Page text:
Amerikas Ärger mit China

WASHINGTON, D.C. – Xi Jinping, Chinas neu erkorener Präsident, machte seinen ersten Besuch in den USA im Mai 1980. Er war ein junger Offizier von 27 Jahren, der Geng Biao begleitete, damals Vizepremier und Chinas führender Militär. Geng war im Januar davor mein Gastgeber gewesen, als ich als erster US-Verteidigungsminister als Gesprächspartner für die Regierung von Präsident Jimmy Carter China besuchte.

Die Amerikaner hatten damals wenig Grund, Xi zu beachten, aber seine Vorgesetzten erkannten sein Potenzial eindeutig. In den folgenden 32 Jahren wuchs Xis Bedeutung – parallel mit Chinas wirtschaftlicher und militärischer Stärke. Der Aufstieg seiner Altersgruppe an den Gipfel der Macht markiert den Rückzug der letzten Führungsgeneration, die noch von Deng Xiaoping ernannt wurde (auch wenn diese weiter einflussreich bleibt).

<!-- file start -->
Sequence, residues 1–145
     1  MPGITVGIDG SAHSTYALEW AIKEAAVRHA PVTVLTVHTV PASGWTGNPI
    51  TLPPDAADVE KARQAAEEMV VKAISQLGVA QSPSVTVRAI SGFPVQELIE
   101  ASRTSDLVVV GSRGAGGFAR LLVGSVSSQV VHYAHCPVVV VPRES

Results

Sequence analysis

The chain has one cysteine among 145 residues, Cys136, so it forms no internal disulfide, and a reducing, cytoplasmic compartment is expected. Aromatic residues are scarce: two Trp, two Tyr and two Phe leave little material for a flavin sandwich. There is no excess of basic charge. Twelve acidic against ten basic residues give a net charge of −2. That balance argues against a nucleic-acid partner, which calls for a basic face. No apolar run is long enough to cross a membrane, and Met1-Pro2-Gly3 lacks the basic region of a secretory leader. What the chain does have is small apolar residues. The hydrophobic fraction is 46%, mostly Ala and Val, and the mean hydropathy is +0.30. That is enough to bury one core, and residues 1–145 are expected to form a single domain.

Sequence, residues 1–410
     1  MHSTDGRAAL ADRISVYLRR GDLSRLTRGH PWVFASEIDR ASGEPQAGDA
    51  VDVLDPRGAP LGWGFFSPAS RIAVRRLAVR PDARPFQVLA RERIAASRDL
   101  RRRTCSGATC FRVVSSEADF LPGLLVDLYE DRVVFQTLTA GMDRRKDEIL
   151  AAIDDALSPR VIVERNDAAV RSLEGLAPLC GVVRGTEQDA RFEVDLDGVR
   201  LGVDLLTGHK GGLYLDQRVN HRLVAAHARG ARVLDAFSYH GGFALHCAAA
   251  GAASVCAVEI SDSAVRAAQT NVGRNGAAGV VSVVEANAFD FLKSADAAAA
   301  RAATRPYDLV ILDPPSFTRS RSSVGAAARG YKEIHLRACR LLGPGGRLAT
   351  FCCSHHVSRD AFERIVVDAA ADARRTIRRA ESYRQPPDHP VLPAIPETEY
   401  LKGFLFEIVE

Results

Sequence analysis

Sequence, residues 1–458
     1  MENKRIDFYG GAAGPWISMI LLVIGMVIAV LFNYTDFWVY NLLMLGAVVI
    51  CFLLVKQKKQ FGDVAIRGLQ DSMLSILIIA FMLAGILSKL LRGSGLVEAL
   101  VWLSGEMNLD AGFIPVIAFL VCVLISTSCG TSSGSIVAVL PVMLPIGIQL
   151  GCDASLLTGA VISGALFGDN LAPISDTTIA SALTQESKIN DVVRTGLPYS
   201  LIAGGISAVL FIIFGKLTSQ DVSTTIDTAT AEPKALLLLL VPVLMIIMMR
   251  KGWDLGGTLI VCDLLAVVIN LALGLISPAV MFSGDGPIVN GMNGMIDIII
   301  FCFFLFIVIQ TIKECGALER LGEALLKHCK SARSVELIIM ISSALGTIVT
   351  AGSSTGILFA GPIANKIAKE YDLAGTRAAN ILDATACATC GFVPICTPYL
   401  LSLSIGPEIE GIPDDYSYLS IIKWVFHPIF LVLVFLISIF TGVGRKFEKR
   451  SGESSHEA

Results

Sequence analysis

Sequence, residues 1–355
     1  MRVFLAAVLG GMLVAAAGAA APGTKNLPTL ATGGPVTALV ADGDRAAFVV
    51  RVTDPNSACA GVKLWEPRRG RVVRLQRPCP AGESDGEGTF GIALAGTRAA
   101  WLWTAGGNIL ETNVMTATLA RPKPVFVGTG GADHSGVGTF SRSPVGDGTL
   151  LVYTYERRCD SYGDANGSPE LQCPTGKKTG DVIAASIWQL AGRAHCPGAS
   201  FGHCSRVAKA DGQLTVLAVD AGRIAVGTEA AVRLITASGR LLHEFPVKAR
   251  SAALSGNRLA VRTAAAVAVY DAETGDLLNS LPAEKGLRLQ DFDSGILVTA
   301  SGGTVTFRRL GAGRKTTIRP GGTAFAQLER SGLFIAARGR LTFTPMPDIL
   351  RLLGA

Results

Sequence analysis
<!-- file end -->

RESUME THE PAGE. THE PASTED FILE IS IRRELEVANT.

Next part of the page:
Trotz Chinas größerem Gewicht in internationalen Angelegenheiten sieht sich Xi internen Belastungen gegenüber, die China anfälliger machen als gemeinhin wahrgenommen. Chinas exportorientiertes Wirtschaftmodell stößt an seine Grenzen, und der Übergang zu einem durch die Binnennachfrage getragenen Wachstum verschärft die inneren Spannungen. Unruhen durch Repressionen zu kontrollieren ist heute schwieriger als früher, da rapide Urbanisierung, Wirtschaftsreformen und gesellschaftlicher Wandel dieses Land mit seinen 1,3 Milliarden Einwohnern aufwühlen. Und auch ethnische Konflikte in den abgelegenen Regionen werden Xis politische Führung auf die Probe stellen.

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